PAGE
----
• Lights and bright reflective clothing. No matter what time of day you're riding, you should wear some kind of bright, reflective clothing. That way even if you bike in the daylight to work, you stay safe on the way home when that meeting goes later than you expected! "Even if you are wearing your street clothing, pick up a reflective vest and some reflective arm/leg bands that won't mess your clothing and can be taken off when you arrive and stuffed in a pocket," Tanya says.
Avoiding Sticky (and Sweaty) Situations
One of the biggest reasons people don't like to bike to work is because they're afraid of not feeling fresh when they arrive at the office. However, many people solve this by just carrying their work clothes with them in a bag.

"I just leave my house in plenty of time, and I don't ride very hard," says Michelle. "I just kind of ride slowly and enjoy being outside, so I don't sweat. On my way home, I might push it or take the long way, but then I can shower when I get home."

If you do get a bit sweaty, Tanya swears by baby wipes, on-the-go pre-moistened facial wipes and extra deodorant. She also keeps extra shoes, an emergency set of clothes and a hair dryer at work so that if her hair or clothes get soaked (whether from rain or "glowing," as she calls sweating) she can look presentable.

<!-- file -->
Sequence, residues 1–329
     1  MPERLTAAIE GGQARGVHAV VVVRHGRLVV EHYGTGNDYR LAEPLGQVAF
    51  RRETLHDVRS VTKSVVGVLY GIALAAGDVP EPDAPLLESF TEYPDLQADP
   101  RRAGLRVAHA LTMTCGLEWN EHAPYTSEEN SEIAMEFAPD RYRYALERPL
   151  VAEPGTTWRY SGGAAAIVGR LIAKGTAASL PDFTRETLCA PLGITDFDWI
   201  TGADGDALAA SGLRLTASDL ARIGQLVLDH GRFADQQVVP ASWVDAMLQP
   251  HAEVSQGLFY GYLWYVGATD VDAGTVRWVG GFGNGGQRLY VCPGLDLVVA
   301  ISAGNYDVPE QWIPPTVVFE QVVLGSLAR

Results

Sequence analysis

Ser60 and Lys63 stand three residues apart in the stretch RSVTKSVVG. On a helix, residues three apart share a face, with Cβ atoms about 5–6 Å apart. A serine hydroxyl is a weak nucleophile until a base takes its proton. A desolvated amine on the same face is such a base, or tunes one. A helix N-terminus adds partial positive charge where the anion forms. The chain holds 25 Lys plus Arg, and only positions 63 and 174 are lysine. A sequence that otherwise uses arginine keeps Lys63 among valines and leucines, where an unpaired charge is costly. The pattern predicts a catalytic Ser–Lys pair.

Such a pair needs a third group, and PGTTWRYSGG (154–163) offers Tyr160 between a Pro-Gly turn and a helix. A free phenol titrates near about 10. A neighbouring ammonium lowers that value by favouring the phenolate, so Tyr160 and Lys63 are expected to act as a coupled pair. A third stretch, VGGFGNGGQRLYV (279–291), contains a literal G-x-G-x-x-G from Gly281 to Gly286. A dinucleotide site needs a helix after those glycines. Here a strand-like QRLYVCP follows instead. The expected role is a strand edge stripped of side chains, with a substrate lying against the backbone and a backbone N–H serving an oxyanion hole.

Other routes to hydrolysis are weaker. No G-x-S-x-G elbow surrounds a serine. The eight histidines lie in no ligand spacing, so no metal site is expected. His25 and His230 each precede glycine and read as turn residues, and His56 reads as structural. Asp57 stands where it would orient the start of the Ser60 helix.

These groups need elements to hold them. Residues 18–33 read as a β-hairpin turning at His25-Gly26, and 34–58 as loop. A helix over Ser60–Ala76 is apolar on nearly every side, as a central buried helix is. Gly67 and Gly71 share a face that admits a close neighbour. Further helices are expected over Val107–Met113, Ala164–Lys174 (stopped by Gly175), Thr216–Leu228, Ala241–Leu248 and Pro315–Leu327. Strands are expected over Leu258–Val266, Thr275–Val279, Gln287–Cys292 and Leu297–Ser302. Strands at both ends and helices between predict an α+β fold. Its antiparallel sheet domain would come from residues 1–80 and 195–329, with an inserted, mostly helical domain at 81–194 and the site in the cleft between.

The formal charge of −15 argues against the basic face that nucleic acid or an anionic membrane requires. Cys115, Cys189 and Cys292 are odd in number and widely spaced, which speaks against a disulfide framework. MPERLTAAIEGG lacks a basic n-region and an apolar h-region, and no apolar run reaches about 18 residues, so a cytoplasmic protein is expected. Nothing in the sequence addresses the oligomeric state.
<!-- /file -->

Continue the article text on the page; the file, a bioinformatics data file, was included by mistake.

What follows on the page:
Whether it's driving in, taking public transportation or hitching a ride with a family member, friend or co-worker, it's good to always have a back-up or someone you can call in a pinch if the weather is bad, you don't feel well, or your bike gets a flat that you can't patch.

While you should always follow basic safety guidelines, such as being predictable and signaling your intentions, Tanya also reminds that bike commuters always look around them, rotating where you are looking so that you cover all areas in your field of vision every 5 to 10 seconds. This includes looking underneath and in the windows of parked cars for pedestrians or drivers coming out, taking your time at intersections, coming to a complete stop and always being focused. Also, never assume that a driver sees you, she says.